Location: Montreal -> CT -> MA -> Montreal -> Ottawa
17,330 posts, read 33,018,915 times
Reputation: 28903
Quote:
Originally Posted by greatblueheron View Post
All American Murder

by James Patterson

Life and death of Aaron Hernandez
I just looked up this book, thought for a minute or two about reading it, but couldn't bring myself to do it. I have this weird "connection" to Aaron Hernandez (and his dimples). He's from Connecticut... and I lived in Connecticut. Then he went off to school in Florida... where my (ex-)in-laws lived. Then I moved to Massachusetts... and there he was in Massachusetts too, playing for the Patriots. Of course it's not a true connection, but I felt like "no, someone who lived where I lived, and had these adorable dimples, could not be a murderer." (Silly thought, I know. I just wanted to think he was better than that. Much better than that.) I was so sad to hear that it was true -- that he'd been involved in a gang in CT, that he'd murdered people. It just makes me so sad that he had success in the palms of his hands and threw it away. Yes, there's the whole CTE part of it, I know that, but he was involved in gang activities before enduring brain injuries. He was already on a bad path, despite having a golden path to fork off to.
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Old 03-24-2018, 10:01 AM
 
Location: In my own personal Twilight zone
13,608 posts, read 5,385,004 times
Reputation: 30253
Just finished The Woman in Cabin 10. Two out of 5 stars. I guess crime stories are just not my cup of tea.

Anyhow, I really need help now. You all read so many great books. I am looking (for a goodreads challenge) for two books that are more along my reading interests.
1 - a book with a green cover
2 - a book set in springtime

Thanks a lot girls
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Old 03-24-2018, 10:28 AM
 
Location: East Coast
4,249 posts, read 3,720,970 times
Reputation: 6482
Quote:
Originally Posted by miguel's mom View Post
Just finished The Woman in Cabin 10. Two out of 5 stars. I guess crime stories are just not my cup of tea.

Anyhow, I really need help now. You all read so many great books. I am looking (for a goodreads challenge) for two books that are more along my reading interests.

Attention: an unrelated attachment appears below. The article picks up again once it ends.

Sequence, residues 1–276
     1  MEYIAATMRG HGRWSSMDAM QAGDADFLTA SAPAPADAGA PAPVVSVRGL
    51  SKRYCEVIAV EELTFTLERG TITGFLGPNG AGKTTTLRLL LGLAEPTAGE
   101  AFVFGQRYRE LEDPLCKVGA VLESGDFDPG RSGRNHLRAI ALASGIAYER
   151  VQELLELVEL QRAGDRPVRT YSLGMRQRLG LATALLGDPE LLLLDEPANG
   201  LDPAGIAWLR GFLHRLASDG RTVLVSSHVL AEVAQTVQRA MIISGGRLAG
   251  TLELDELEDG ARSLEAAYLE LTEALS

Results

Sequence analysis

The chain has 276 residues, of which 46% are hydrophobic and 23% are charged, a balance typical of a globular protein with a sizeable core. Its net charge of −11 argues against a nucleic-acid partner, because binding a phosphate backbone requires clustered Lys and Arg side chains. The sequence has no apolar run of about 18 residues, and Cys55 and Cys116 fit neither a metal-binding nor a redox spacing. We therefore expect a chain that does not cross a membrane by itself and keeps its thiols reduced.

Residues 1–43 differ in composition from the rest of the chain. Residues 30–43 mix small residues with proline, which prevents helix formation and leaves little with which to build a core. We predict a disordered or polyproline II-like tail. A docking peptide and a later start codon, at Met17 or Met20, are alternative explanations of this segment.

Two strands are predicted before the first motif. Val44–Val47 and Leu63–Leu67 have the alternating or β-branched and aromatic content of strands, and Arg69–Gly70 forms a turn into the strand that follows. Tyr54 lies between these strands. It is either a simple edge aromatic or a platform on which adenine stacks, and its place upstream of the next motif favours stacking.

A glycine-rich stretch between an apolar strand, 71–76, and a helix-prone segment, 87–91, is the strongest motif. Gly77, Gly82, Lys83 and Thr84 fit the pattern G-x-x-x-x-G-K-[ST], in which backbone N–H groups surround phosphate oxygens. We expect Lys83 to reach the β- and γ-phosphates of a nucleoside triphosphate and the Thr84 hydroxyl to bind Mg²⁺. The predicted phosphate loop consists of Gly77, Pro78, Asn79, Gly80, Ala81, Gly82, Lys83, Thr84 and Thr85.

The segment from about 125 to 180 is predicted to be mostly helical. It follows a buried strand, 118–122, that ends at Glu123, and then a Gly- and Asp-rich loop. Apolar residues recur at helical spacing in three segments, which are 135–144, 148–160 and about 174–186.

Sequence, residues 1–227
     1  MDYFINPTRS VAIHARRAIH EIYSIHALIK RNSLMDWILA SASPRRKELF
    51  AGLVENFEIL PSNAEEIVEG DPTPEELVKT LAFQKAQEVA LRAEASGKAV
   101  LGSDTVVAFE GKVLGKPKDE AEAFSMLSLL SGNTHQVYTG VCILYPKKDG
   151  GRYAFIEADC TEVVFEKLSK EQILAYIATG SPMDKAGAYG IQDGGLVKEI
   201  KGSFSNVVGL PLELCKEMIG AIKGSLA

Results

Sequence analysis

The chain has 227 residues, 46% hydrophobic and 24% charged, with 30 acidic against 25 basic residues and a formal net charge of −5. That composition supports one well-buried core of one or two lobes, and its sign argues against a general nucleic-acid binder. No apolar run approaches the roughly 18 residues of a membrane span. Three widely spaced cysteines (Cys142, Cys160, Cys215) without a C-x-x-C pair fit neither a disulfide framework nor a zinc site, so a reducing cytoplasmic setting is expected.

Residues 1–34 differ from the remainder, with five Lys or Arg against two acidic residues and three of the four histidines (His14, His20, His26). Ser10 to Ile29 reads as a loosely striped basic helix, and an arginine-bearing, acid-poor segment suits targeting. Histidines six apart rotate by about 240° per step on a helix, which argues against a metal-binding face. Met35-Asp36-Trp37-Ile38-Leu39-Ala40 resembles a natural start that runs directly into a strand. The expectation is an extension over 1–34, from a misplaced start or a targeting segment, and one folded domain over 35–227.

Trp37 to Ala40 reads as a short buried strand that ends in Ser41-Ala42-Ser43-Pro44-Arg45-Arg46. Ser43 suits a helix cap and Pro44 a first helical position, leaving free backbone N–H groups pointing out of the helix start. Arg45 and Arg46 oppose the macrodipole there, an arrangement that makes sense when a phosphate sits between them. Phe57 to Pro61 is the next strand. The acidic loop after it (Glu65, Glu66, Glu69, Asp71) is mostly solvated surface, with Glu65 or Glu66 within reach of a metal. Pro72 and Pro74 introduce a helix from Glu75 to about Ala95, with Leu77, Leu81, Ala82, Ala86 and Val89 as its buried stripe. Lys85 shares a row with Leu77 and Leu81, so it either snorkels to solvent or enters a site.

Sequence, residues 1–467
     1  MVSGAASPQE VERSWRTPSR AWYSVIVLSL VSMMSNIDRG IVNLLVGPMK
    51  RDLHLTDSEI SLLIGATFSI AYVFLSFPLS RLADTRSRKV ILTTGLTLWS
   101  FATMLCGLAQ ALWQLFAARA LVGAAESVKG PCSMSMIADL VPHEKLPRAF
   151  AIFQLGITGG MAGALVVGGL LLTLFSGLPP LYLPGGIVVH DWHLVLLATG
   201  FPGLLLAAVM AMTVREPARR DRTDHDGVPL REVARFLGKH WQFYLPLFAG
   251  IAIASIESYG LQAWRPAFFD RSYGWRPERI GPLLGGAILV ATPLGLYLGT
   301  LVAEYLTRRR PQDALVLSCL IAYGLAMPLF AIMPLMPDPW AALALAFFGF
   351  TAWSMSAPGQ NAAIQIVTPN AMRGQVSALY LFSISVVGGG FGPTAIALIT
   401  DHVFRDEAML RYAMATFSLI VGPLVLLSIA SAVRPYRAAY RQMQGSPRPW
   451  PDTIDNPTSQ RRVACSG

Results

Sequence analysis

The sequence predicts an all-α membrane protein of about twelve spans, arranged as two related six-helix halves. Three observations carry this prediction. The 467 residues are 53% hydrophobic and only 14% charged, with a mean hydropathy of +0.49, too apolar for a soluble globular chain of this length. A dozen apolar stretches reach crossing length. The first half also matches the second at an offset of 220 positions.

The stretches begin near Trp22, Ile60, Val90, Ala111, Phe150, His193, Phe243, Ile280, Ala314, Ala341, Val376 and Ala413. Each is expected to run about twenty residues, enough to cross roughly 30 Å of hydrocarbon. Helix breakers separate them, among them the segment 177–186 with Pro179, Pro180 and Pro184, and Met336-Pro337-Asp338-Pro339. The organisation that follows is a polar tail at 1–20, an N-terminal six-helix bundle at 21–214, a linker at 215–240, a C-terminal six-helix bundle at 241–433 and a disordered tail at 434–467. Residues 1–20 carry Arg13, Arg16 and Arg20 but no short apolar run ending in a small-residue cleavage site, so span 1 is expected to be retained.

1 - a book with a green cover
2 - a book set in springtime

Thanks a lot girls
Book with a green cover: Get Well Soon

Hmmm... a book set just in springtime? I'll have to think on that one.
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Old 03-24-2018, 12:37 PM
 
Location: Nantahala National Forest, NC
27,074 posts, read 11,846,980 times
Reputation: 30347
Quote:
Originally Posted by DawnMTL View Post
I just looked up this book, thought for a minute or two about reading it, but couldn't bring myself to do it. I have this weird "connection" to Aaron Hernandez (and his dimples). He's from Connecticut... and I lived in Connecticut. Then he went off to school in Florida... where my (ex-)in-laws lived. Then I moved to Massachusetts... and there he was in Massachusetts too, playing for the Patriots. Of course it's not a true connection, but I felt like "no, someone who lived where I lived, and had these adorable dimples, could not be a murderer." (Silly thought, I know. I just wanted to think he was better than that. Much better than that.) I was so sad to hear that it was true -- that he'd been involved in a gang in CT, that he'd murdered people. It just makes me so sad that he had success in the palms of his hands and threw it away. Yes, there's the whole CTE part of it, I know that, but he was involved in gang activities before enduring brain injuries. He was already on a bad path, despite having a golden path to fork off to.

It wasn't a fun book, that's for sure...

He changed much after his father died, really tried to recreate that relationship with older men as time went by. His mother had cheated on his father, ended up marrying the guy. He had a lot of anger over that too.

Kept up relationships from his childhood that were best left alone in adulthood.

His fiery and very quick temper served him poorly....leading to ridiculous fights and arguments over inconsequential things. Seems to me he could have had or developed mental health issues...so quick to be offended, he then would respond in unhealthy ways...feeling rejection, leading to misplaced anger and violence.

Just about everyone said it was amazing he had 2 distinct personalities...he could be charming and funny and dedicated to football...then when he hooked up with old friends, who were drug dealers and had gang associations, he became that chameleon, jumping right in with them, acting the tough guy who responded with violence to any perceived threat.

CTE was surely a factor, but his choices on life were just as much a part of who he became...maybe he was angry too, and ashamed of being bisexual...so many issues in his life.

What a loss...he was a fabulous football player...had a girlfriend and lovely baby daughter...but not even those positive aspects of his life were enough for him to stay out of trouble.